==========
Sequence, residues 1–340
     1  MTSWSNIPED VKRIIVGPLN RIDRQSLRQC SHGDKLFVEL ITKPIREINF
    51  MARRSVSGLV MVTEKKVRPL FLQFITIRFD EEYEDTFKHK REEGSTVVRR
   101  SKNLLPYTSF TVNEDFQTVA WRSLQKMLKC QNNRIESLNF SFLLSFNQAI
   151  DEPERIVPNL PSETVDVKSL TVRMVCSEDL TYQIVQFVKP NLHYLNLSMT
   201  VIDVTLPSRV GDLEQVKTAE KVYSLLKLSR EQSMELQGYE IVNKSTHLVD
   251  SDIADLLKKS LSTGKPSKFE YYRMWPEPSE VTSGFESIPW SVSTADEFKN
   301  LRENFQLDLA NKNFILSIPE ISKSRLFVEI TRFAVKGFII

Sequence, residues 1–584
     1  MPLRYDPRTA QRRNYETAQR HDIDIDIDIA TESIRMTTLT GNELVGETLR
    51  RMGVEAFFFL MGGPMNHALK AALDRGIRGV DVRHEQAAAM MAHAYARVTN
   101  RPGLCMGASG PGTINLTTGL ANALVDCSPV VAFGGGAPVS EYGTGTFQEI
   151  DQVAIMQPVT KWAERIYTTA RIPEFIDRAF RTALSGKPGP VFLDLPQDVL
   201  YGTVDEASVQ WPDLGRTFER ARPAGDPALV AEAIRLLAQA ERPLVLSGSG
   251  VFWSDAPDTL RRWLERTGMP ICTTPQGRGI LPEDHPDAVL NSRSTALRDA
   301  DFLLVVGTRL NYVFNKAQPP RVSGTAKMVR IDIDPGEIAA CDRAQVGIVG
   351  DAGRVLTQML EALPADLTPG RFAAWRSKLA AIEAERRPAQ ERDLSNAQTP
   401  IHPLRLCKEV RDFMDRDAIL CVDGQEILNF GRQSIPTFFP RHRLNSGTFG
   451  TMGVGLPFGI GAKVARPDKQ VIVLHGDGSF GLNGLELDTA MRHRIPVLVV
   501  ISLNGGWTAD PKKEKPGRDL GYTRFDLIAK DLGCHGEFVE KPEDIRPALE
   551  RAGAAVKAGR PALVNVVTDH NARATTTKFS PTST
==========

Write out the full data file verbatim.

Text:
Sequence, residues 1–340
     1  MTSWSNIPED VKRIIVGPLN RIDRQSLRQC SHGDKLFVEL ITKPIREINF
    51  MARRSVSGLV MVTEKKVRPL FLQFITIRFD EEYEDTFKHK REEGSTVVRR
   101  SKNLLPYTSF TVNEDFQTVA WRSLQKMLKC QNNRIESLNF SFLLSFNQAI
   151  DEPERIVPNL PSETVDVKSL TVRMVCSEDL TYQIVQFVKP NLHYLNLSMT
   201  VIDVTLPSRV GDLEQVKTAE KVYSLLKLSR EQSMELQGYE IVNKSTHLVD
   251  SDIADLLKKS LSTGKPSKFE YYRMWPEPSE VTSGFESIPW SVSTADEFKN
   301  LRENFQLDLA NKNFILSIPE ISKSRLFVEI TRFAVKGFII

Sequence, residues 1–584
     1  MPLRYDPRTA QRRNYETAQR HDIDIDIDIA TESIRMTTLT GNELVGETLR
    51  RMGVEAFFFL MGGPMNHALK AALDRGIRGV DVRHEQAAAM MAHAYARVTN
   101  RPGLCMGASG PGTINLTTGL ANALVDCSPV VAFGGGAPVS EYGTGTFQEI
   151  DQVAIMQPVT KWAERIYTTA RIPEFIDRAF RTALSGKPGP VFLDLPQDVL
   201  YGTVDEASVQ WPDLGRTFER ARPAGDPALV AEAIRLLAQA ERPLVLSGSG
   251  VFWSDAPDTL RRWLERTGMP ICTTPQGRGI LPEDHPDAVL NSRSTALRDA
   301  DFLLVVGTRL NYVFNKAQPP RVSGTAKMVR IDIDPGEIAA CDRAQVGIVG
   351  DAGRVLTQML EALPADLTPG RFAAWRSKLA AIEAERRPAQ ERDLSNAQTP
   401  IHPLRLCKEV RDFMDRDAIL CVDGQEILNF GRQSIPTFFP RHRLNSGTFG
   451  TMGVGLPFGI GAKVARPDKQ VIVLHGDGSF GLNGLELDTA MRHRIPVLVV
   501  ISLNGGWTAD PKKEKPGRDL GYTRFDLIAK DLGCHGEFVE KPEDIRPALE
   551  RAGAAVKAGR PALVNVVTDH NARATTTKFS PTST